Of course, all antique automobile wheels need to be inspected often, and well maintained. Wooden spoke wheels more so than wire or disc wheels. Wooden wheels are susceptible to aging, shrinkage, and splitting of the wooden spokes. A loose wooden wheel will eat itself alive if driven on more than a very small amount. However, as long as they are known to be in reasonably good condition, and tight, I love wooden wheels and have no fear of their reliability. I also check them often for any signs of developing age troubles.

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Turns out this is the Apperson Big Dick George Robertson wrapped around this pole. He and his mechanic survived with minor injuries and the car was repaired and raced again. This was the factory car though and it was plagued with bad luck.

Vanderbilt Cup Races - Blog - Mystery Foto #2 Solved: The Apperson ...

 

Here's the car after they pulled it off the pole. A little blacksmith work and it was off again.

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This is George's account of the accident.

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Edited by AHa (see edit history)
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AHa, THAT is an incredible story! And whoever wrote it wrote it very well.

It is amazing some of the wrecks that people survived. In that case, they surely were thrown out a fraction of a second before the car was hairpin bent. This is an excellent example of why I would never willingly put seat belts in my model T speedster or racing car. I would no more want seat belts in such a car than I would want to be tied onto a motorcycle!

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I notice the Cutting has a wire wheel up front, and a wood spoke wheel rear. Wish I could see the other side. Race cars often switched wheel types and size to fit track or road conditions. Occasionally, I do see a combination of wheels in racing car photos.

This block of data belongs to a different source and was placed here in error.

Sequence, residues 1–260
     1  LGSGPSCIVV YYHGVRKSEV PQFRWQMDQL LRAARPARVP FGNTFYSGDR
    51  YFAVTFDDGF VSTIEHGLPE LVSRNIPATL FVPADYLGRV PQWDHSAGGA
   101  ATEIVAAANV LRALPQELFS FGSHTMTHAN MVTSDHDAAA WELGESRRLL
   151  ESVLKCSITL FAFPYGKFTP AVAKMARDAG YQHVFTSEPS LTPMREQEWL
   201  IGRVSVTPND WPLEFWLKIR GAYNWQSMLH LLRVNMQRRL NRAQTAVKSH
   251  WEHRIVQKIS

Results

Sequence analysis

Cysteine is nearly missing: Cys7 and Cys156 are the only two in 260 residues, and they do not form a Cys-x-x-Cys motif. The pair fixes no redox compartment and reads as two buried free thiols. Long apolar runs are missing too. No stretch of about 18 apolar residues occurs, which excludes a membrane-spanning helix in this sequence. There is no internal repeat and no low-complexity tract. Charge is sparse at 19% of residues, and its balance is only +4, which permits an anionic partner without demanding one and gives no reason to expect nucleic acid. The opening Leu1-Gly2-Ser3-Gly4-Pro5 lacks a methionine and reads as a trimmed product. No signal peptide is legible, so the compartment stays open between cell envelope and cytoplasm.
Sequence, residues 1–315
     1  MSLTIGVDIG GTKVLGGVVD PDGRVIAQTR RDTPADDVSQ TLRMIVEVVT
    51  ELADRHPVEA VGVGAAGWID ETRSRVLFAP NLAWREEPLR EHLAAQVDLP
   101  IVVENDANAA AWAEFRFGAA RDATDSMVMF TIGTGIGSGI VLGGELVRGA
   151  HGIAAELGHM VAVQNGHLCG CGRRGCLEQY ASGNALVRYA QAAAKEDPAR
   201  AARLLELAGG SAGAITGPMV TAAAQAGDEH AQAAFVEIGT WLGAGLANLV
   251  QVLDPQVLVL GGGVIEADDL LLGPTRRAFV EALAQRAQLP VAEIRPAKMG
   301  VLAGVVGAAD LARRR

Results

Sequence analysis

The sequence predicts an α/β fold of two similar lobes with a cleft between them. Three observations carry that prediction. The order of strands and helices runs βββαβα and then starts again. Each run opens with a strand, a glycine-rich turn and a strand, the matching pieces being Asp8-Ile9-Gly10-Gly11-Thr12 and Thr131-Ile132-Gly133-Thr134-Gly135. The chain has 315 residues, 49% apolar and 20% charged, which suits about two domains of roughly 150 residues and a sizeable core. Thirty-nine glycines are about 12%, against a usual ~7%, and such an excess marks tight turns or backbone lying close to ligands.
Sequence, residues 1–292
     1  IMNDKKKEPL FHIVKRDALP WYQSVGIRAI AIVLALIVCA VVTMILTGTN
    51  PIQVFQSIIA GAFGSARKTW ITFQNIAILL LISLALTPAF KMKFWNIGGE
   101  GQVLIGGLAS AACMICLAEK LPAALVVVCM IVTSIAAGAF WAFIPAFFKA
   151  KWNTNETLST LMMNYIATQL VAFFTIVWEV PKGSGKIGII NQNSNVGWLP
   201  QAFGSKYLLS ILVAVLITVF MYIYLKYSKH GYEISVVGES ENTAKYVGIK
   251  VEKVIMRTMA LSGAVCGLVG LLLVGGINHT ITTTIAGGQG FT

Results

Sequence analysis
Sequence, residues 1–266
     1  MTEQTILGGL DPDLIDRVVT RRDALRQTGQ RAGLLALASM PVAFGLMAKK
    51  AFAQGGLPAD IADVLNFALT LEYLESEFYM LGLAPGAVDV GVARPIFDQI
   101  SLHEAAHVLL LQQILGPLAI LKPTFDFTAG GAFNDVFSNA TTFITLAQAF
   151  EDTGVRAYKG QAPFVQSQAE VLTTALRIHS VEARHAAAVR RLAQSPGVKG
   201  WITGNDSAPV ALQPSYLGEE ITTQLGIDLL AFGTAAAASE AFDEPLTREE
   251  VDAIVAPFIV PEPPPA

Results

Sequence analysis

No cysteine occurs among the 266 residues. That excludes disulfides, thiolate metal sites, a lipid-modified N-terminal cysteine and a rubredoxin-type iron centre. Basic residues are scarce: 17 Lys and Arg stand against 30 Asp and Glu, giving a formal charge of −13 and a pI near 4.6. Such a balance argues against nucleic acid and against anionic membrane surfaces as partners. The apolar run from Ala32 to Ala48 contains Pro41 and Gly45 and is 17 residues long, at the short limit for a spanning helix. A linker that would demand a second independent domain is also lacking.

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Kind of what I thought also, but I am not sure about the front wheel. The wood spoke wheel that can be easily seen is on the car behind the Cutting. The Cutting's left front is lined up almost perfectly behind the right front. I didn't look as closely as I would have liked as I don't like fooling with many of those commercial links.

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2 hours ago, wayne sheldon said:

 The wood spoke wheel that can be easily seen is on the car behind the Cutting. The Cutting's left front is lined up almost perfectly behind the right front. 

I see 2 further wheels beyond the wood spoke wheel.

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5 hours ago, nzcarnerd said:

This photo was posted on a facebook page today. No info with it at all. Any ideas?

 

 

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This car is one of the two cars Locomobile entered into the 1908 Vanderbilt cup race with Joe Tracy behind the wheel. The picture was taken at a race camp while both cars were being race tested. Both cars carried the number 12 at this time. Despite the long hood, it is a 4 cylinder, three speed, car. I have just discovered new information on this car with a report coming soon. Stay tuned

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The only bricks left are at the start/finish line.

Winners often "kiss the bricks".

Another oddity, they don't celebrate with Champaign. They drink milk.